Esoteric London

No. 965: Torbay Street, NW1

Posted in Churches, Markets by esotericlondon on November 8, 2013

© Roger Dean RED_5368 copy

Torbay Street, London, NW1. Photo © Roger Dean 2013

A Wanderer in London – E.V. Lucsa, 1906:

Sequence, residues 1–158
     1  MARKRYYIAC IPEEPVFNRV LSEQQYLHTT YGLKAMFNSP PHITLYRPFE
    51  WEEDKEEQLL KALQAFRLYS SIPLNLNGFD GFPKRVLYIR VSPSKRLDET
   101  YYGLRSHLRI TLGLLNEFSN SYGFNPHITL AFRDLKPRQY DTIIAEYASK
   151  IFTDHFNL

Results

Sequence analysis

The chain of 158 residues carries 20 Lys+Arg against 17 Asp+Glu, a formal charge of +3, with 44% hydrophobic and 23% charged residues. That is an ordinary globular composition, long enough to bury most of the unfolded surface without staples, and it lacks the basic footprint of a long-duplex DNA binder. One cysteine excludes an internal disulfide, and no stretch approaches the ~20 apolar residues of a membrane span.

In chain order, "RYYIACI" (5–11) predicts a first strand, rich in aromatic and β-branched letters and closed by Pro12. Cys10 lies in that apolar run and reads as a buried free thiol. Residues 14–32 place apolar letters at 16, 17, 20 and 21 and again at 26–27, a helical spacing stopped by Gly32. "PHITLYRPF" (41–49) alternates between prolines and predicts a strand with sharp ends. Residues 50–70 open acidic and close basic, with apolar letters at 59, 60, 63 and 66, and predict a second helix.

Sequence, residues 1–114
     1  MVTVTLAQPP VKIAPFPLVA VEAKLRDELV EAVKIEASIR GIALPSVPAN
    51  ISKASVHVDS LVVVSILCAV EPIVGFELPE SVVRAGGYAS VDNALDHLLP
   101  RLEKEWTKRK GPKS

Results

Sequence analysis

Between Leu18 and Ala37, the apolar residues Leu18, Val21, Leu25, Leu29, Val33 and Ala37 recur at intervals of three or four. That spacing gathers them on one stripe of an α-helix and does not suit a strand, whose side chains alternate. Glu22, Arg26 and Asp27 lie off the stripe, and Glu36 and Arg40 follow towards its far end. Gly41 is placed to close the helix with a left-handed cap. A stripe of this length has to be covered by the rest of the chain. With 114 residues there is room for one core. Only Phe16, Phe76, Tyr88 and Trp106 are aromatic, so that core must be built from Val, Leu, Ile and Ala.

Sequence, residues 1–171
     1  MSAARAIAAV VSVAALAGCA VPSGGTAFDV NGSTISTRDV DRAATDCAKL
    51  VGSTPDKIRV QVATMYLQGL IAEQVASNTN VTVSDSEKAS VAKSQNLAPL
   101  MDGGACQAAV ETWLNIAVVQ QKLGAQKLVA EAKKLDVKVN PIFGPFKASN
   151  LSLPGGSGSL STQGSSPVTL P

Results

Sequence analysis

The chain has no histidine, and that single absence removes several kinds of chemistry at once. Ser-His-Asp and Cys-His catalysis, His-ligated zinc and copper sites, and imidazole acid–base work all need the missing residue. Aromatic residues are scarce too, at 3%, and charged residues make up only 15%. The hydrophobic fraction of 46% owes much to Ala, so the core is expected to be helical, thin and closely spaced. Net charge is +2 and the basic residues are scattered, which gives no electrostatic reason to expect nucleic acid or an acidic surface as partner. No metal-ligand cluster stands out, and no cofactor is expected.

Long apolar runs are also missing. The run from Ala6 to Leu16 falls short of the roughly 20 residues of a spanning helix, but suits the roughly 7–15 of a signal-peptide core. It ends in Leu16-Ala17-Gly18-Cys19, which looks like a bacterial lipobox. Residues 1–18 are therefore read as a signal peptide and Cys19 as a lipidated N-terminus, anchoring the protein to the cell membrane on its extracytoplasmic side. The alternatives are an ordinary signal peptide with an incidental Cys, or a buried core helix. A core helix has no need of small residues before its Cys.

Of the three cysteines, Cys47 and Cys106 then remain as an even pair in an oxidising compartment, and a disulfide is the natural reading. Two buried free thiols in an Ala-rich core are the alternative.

The Great Fire made very short work of Thames Street – as indeed a fire always does of riverside buildings – an everything that one now sees dates from the hither side of that disaster. The churches are all Wren’s, whose industry amazes more and more: – St. Benet’s (where Inigo Jones is buried); St James’s in Garlickhithe (with a figure of the apostle over its fine assertive clock); St. Michael’s, on College Hill, with some carving of Wren’s confederate Grinling Gibbons, and a window to Dick Whittington, who was buried here as often as he was Lord Mayor of London. By Cannon Street’s arch one passes the very thinnest end that any architectural wedge ever had, and so comes into Lower Thames Street, where we quickly find wren again – at St. Magnus the Martyr, at the food of Fish Street Hill, on which the monument, like a tall bully, lifts its head and lies.  St. Magnus’s is one of London’s larger churches, and in its way is very fine. Mile Coverdale, who gave the English their Bible, is buried here. The glass is not good, not is it good in any Wren church that I have seen, but it rarely reaches a lower point than in St. Dunstan’s-in-the-East (which has the beautiful tower). Before we come to this church we pass Pudding lane, where the Great Fire began (we shall see directly where it stopped), and to Billingsgate fish market. Both the Thames Streets, Upper and Lower, are very genuine, and very interesting, with their warehouses and their wharves; although I should feel there by night that one must meet rats. The whole walk from Blackfriars Station to the Tower is worth taking, with plenty of material to the hand of a Méryon or Muirhead Bone on the way; but at Billingsgate I draw the line – […].